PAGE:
*  If they described their browser as FoxFire, they were not a candidate.

*  If they could not distinguish between memory and hard drive space, they were not a candidate.

*  If they did not know how to shrink or close a browser and open it again, they were not a candidate.

*  If the difference between left and right mouse clicks mystified them, they were not a candidate.

*  If they actually wanted all 11 toolbars on their Explorer browser....

Well, you get the idea.

The plain truth of the matter is's not everyone that can run Linux.  If you give the disk to someone that doesn't know the difference between an operating system vs a browser, you are going to single-handedly increase the stock price of antacids by 50%.

As elitist as it sounds, most everyday computer users are not computer users at all...they are task-set mouse clickers.  They can do two or three things on their computers...probably taught to them by their kids or learned at work, but outside of that, the box at their feet is filled with Voodoo and Majik.

So, these days, I am much more careful about who I introduce to Linux.  To my experience?  Kids are the easiest.  They pick it up in a matter of 30 minutes and they just want you to go away and leave them the hell alone.  But adults?

Chances are, if you run across someone who is serious about their computer, they have already discovered or at least heard about Linux.

Those are the people we should target.  My liver cannot take much more abuse...self-imposed abuse from people who want me to help them install FoxFire.

-- Ken Starks

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  1. Absolutely outstanding article. My favorite line, and one that I agree with completely, is: "Kids are the easiest. They pick it up in a matter of 30 minutes and they just want you to go away and leave them the hell alone".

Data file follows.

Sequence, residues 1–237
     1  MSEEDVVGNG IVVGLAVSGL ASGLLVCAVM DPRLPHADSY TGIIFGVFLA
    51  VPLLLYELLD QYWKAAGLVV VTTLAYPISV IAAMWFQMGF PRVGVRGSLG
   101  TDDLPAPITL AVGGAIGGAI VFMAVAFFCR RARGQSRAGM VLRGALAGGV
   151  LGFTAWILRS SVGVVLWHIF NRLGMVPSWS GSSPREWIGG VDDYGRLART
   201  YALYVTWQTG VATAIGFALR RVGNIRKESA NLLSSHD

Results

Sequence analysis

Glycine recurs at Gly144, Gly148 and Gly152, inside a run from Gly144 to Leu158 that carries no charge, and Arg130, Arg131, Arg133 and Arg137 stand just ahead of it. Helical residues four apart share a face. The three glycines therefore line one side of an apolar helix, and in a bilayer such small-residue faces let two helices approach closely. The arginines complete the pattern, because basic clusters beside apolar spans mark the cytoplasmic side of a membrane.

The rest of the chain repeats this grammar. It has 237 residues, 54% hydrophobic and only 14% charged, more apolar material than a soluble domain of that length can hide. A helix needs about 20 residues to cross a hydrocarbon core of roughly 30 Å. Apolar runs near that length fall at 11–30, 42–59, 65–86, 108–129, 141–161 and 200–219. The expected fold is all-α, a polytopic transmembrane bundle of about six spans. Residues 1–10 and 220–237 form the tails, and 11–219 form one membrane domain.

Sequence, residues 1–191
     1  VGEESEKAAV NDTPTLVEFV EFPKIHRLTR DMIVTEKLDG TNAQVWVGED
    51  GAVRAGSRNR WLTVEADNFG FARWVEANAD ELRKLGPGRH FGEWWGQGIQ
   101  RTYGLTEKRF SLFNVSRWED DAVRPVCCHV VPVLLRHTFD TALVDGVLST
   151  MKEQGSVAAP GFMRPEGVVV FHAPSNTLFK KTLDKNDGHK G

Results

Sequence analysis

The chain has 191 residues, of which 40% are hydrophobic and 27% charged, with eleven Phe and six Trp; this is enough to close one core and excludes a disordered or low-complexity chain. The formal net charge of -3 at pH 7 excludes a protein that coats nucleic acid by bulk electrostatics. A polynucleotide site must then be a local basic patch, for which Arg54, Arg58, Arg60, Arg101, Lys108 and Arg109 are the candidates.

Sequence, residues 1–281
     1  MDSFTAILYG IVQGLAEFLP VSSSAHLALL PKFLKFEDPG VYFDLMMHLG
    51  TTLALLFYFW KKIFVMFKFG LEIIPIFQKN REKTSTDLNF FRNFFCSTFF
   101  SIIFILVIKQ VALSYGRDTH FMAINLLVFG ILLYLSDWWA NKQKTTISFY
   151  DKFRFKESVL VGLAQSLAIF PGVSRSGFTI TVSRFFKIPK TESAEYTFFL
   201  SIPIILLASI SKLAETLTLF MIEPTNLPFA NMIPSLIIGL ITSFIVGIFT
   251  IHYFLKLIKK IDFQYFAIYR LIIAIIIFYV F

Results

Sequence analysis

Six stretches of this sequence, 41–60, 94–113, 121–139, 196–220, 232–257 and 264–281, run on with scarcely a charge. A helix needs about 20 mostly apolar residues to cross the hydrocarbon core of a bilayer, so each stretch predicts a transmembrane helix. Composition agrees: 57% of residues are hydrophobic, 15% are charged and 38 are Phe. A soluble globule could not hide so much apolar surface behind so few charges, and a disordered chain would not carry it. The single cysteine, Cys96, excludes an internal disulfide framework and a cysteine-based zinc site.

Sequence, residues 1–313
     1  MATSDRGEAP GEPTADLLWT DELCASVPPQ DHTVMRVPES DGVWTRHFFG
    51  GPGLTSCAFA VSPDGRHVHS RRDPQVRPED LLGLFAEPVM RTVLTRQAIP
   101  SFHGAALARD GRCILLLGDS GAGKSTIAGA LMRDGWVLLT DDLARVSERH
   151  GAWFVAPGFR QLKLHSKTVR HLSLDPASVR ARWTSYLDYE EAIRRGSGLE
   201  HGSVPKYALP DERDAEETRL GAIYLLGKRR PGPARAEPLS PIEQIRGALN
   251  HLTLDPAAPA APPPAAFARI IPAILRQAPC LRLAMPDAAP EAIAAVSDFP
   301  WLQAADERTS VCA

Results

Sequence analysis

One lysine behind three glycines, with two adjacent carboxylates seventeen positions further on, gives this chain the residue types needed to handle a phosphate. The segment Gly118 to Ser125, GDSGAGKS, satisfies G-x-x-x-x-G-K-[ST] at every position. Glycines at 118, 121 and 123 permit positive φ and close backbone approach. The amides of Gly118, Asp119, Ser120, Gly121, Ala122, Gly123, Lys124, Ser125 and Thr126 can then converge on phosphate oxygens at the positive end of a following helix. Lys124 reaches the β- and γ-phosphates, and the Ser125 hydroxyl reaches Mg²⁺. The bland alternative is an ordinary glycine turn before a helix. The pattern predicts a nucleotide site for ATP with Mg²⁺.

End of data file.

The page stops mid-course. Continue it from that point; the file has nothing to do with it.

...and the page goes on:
If the rest of the Linux community could get behind this idea we would all have a much easier time gaining a user-base.

  2. I do believe you hit the nail on the head. I, too, am rapidly getting tired of fools who can't appreciate what an incredible OS Linux is and the justifiable reasons why I use and advocate it. Also I always (hope I...) make it clear that when I advocate Linux, that comes with any reasonable support required when it comes to the trying it out stage. Just ask me and I will help! I think a lot of other Linux advocates would be just the same.

  3. I live in an area where there are a lot of seniors. I do tech support for the neighborhood for free (and many others in the area offer other services). When they have problem with their computers I will suggest Linux if I think it is a good fit for their needs. And for their needs, mostly web surfing and email, it is. So now a good percentage of my block is running Linux. For the most part I am the one who installed it, but some of the seniors who watched me do so did it for others. So my neighborhood now has about as many Linux users as Windows users (and also quite a few Mac users).

    Most of these people have no idea what the difference is between hard drive space and memory. Most do not know a browser from an OS. Most of these people use their computers as tools and know almost nothing of the tool itself. And yet Linux works well for them. Some do move away from it as they get new computers - but it gives them an option and they tell others about it.

    The fact some move away from it or opt for something else is fine in my book - I am a strong believer that people should exercise choice and freedom and use what they think will work best for them. Letting them know about alternatives to Windows allows them to make better informed choices. This is really what I want to see - not for any one OS or distro to take over, but for people to be able to make choice based on greater information. Especially when you are talking about largely low income seniors using older computers, though, Linux is an excellent choice and one they should know about. So in my neighborhood they do. :)